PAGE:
Scope and Contents
Series I, CORRESPONDENCE, is housed in Boxes 1-4, folders 1-115. It primarily contains letters to and from Harry Shulman by teaching faculty, persons concerned with the arbitration of labor-management disputes, former students, and professional colleagues. The great majority of correspondence concerns one of the following subjects: messages of congratulations on Shulman's appointment as dean of Yale Law School, letters on his work between 1936 and 1939 on the restatement of the Law of Torts for the American Law Institute, correspondence on the subject of arbitration, and letters on other professional matters.
In January 1954, Yale President A. Whitney Griswold chose Shulman dean of Yale Law School to succeed Wesley A. Sturgis. This appointment was an extremely popular one and Shulman was flooded with scores of letters from former students, academic colleagues, arbitration associates, and friends. Letters also poured in from leaders in the Yale community, law school faculty, and lawyers from throughout the country. Shulman's appointment was also, however, a controversial one, for he was the first identifying Jew to be selected a Yale dean. This subject is only alluded to in letters from Lloyd N. Cutler, William Delano, Felix Frankfurter, Richard M. Haber, and Wilmarth S. Lewis. Those who opposed Shulman cloaked their opposition by asserting that an "outside man" or "fresh blood" was needed to reinvigorate the Law School. As Felix Frankfurter stated in a letter probably written near the end of 1953, "you can't escape the fact that your selection as Dean would be a decisive triumph for 'civilized' conduct in realms where even the best institutions are at best laggards and too often woefully backward." Wilmarth S. Lewis affirmed that,
"In my sixteen years on the Corporation I have never heard such enviable statements made by so many people whose good opinion one would hope to have as were made on your behalf. If it is characteristic of our frightened time that your appointment should have caused excessive discussion, I think it is also a heartening sign of healthiness of present-day Yale that you now have what you should have had years ago."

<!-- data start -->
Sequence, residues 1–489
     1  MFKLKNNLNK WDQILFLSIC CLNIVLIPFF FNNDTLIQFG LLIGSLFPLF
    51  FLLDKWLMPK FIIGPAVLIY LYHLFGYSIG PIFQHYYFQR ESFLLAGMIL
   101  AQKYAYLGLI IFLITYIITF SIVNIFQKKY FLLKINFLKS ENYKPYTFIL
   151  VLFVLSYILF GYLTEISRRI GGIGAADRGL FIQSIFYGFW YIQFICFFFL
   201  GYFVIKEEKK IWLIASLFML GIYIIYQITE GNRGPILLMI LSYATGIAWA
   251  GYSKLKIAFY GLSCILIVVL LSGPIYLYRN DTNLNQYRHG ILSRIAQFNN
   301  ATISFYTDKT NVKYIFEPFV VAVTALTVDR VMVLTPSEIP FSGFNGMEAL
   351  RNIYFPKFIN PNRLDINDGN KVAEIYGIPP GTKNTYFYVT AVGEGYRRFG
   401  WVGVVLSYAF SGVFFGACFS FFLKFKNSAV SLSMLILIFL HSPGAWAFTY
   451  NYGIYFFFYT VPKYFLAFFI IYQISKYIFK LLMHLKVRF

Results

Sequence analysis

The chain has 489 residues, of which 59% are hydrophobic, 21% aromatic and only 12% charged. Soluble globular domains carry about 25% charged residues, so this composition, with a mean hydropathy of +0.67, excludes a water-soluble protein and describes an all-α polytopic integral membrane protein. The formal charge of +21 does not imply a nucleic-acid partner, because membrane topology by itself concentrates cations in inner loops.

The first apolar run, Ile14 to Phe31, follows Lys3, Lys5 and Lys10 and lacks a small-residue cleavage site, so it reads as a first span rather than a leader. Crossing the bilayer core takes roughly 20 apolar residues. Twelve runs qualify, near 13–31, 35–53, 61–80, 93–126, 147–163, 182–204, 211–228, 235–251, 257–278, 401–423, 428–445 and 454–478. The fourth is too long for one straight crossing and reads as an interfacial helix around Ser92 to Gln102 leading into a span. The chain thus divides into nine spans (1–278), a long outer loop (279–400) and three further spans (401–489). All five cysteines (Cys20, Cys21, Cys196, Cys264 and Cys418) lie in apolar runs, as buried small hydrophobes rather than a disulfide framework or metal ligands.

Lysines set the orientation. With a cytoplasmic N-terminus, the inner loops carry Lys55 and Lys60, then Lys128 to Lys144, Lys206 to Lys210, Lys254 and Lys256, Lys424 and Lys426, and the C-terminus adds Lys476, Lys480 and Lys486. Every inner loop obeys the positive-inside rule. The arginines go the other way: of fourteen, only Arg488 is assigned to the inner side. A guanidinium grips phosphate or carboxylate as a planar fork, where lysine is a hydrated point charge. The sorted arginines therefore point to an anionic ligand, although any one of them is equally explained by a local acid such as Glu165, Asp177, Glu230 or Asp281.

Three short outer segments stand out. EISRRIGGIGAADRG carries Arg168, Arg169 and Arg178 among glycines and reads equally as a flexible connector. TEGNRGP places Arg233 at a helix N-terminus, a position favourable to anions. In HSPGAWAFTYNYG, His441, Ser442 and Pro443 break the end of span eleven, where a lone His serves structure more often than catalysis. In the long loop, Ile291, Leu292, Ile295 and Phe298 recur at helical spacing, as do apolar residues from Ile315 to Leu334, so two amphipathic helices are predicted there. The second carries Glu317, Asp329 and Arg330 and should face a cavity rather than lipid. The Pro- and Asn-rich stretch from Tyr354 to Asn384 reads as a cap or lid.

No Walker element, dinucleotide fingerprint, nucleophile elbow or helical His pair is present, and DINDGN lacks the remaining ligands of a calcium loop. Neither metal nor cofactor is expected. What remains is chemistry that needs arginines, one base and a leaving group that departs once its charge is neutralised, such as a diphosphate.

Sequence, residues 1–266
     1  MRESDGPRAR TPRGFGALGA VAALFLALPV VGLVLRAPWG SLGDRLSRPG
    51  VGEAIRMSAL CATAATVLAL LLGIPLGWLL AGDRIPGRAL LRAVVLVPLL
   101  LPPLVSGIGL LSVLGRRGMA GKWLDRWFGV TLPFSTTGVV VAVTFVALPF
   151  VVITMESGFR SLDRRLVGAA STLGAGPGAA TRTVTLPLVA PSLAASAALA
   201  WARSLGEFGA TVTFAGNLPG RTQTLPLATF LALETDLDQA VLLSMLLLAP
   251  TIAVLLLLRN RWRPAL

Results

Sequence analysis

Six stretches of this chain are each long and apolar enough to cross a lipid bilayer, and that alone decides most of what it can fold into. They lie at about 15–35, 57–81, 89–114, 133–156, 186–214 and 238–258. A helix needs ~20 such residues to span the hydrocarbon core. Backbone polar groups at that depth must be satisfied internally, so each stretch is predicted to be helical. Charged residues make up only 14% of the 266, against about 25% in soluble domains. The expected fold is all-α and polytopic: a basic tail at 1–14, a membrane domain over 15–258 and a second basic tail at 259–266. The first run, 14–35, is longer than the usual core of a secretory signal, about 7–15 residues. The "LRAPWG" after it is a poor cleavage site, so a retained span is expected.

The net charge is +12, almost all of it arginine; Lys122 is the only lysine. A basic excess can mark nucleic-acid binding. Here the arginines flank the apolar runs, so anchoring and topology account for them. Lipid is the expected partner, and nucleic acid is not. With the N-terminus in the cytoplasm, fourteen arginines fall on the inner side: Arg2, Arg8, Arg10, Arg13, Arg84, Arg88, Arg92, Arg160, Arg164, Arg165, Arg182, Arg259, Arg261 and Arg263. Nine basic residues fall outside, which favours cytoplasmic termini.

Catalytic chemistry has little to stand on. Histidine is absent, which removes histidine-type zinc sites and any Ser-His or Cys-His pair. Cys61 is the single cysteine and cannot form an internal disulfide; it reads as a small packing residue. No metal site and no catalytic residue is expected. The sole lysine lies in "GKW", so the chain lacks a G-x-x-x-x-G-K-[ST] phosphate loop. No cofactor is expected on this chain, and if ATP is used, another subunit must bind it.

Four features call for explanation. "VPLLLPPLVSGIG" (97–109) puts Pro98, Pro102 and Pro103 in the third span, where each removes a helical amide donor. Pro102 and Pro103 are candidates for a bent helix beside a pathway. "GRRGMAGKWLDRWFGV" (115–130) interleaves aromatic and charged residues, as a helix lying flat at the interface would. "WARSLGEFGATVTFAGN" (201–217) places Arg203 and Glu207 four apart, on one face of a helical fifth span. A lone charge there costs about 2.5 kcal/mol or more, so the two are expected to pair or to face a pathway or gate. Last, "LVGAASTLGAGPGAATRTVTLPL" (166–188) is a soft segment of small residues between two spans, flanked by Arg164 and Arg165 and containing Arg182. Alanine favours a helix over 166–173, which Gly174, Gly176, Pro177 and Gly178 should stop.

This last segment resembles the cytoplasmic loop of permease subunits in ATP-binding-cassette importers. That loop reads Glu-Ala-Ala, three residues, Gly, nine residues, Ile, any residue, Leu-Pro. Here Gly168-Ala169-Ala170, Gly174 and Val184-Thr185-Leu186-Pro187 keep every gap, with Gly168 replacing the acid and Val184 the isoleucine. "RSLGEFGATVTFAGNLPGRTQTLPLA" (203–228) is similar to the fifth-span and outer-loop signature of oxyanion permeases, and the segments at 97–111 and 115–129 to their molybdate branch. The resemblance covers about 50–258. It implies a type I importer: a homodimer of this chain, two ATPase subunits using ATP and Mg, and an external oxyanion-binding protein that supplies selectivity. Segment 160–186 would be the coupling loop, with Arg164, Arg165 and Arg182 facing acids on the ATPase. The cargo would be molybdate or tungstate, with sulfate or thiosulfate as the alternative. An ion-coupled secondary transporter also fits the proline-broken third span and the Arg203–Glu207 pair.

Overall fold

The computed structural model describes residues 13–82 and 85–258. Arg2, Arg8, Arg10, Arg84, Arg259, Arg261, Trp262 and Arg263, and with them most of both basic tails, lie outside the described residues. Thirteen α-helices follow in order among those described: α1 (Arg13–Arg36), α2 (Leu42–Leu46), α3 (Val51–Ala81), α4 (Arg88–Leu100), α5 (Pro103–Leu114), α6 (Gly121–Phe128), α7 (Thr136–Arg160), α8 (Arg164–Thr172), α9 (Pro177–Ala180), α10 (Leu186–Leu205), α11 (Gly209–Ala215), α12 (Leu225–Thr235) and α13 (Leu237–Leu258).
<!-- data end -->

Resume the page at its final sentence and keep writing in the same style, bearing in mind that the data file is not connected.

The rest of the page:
Shulman received congratulatory messages from many well known people, including Mrs. James Rowland Angell, James T. Babb, Milton Conover, Gerald R. Ford, Jr., Jerome Frank, Arthur J. Goldberg, Erwin E. Griswold, Walter P. Reuther, Peter Seitz, Potter Stewart, and Henry M. Wriston.
In 1936, Shulman succeeded the ill Francis H. Bohlen as the American Law Institute reporter for the restatement of the Law of Torts. This task took three years and Shulman corresponded extensively with William Draper Lewis, director of the American Law Institute, Anna M. Judge, executive secretary to the director, and a large number of legal scholars, like Francis H. Bohlen, Oliver W. Branch, Walter J. Derenberg, Laurence H. Eldredge, Herbert F. Goodrich, Milton Handler, Edmund M. Morgan, T. Scott Orfutt, and Warren A. Seavey.
Harry Shulman was best known outside the Yale community as an arbitrator in labor-management disputes. From 1943 until his death, he was impartial umpire for the Ford Motor Company, and the United Auto Workers, C.I O. He was also administrative associate member and director of dispute for the National War Labor Board, was a member of the Wage Stabilization Board during the Korean War, was arbitrator for the Bendix Aviation Corporation and Wright Aeronautical Corporation, and was chairman of the panel in the steel industry dispute. Series I contains some arbitration correspondence, but the bulk of this material is found in Series II, ARBITRATION.
In addition, the series includes the usual professional letters of recommendation, correspondence regarding professional meetings, and others of a similar nature. Shulman served for many years as faculty advisor to the Yale Law Journal, a task that sometimes involved him in disputes between the editor and potential contributors over manuscripts submitted to the Journal. A 1938 controversy involved editor Lloyd W. Cutler, Carol Agger, and Abe Fortas. In a second 1954 dispute, the parties were editor Richard A. Siegel, A. L. Shalowitz, and Rear Admiral R. F. A. Studds.
The collection contains relatively little personal correspondence. The letters of Max Turner, folders 101-103, covering the years 1925-1933, form the only significant group of personal letters. They chronicle Turner's struggles as a young New York City lawyer. Shulman correspondend with a large number of legal scholars, law school faculty, people involved in arbitration, and former students. Prominent correspondents include Dean Acheson, Louis D. Brandeis, Felix Frankfurter, Learned Hand, Harold J. Laski, William Draper Lewis, and George W. Taylor.